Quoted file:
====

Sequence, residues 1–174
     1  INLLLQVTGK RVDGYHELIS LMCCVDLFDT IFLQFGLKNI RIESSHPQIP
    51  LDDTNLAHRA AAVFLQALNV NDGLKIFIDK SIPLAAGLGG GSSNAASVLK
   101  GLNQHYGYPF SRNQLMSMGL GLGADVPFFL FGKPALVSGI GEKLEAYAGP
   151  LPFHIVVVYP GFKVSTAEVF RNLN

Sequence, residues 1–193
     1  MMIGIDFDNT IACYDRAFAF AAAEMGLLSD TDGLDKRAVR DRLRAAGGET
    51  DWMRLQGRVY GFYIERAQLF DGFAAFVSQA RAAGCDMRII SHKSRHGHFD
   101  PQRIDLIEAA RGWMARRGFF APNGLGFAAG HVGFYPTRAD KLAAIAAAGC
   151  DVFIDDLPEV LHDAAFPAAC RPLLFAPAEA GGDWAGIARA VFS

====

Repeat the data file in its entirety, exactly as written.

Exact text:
Sequence, residues 1–174
     1  INLLLQVTGK RVDGYHELIS LMCCVDLFDT IFLQFGLKNI RIESSHPQIP
    51  LDDTNLAHRA AAVFLQALNV NDGLKIFIDK SIPLAAGLGG GSSNAASVLK
   101  GLNQHYGYPF SRNQLMSMGL GLGADVPFFL FGKPALVSGI GEKLEAYAGP
   151  LPFHIVVVYP GFKVSTAEVF RNLN

Sequence, residues 1–193
     1  MMIGIDFDNT IACYDRAFAF AAAEMGLLSD TDGLDKRAVR DRLRAAGGET
    51  DWMRLQGRVY GFYIERAQLF DGFAAFVSQA RAAGCDMRII SHKSRHGHFD
   101  PQRIDLIEAA RGWMARRGFF APNGLGFAAG HVGFYPTRAD KLAAIAAAGC
   151  DVFIDDLPEV LHDAAFPAAC RPLLFAPAEA GGDWAGIARA VFS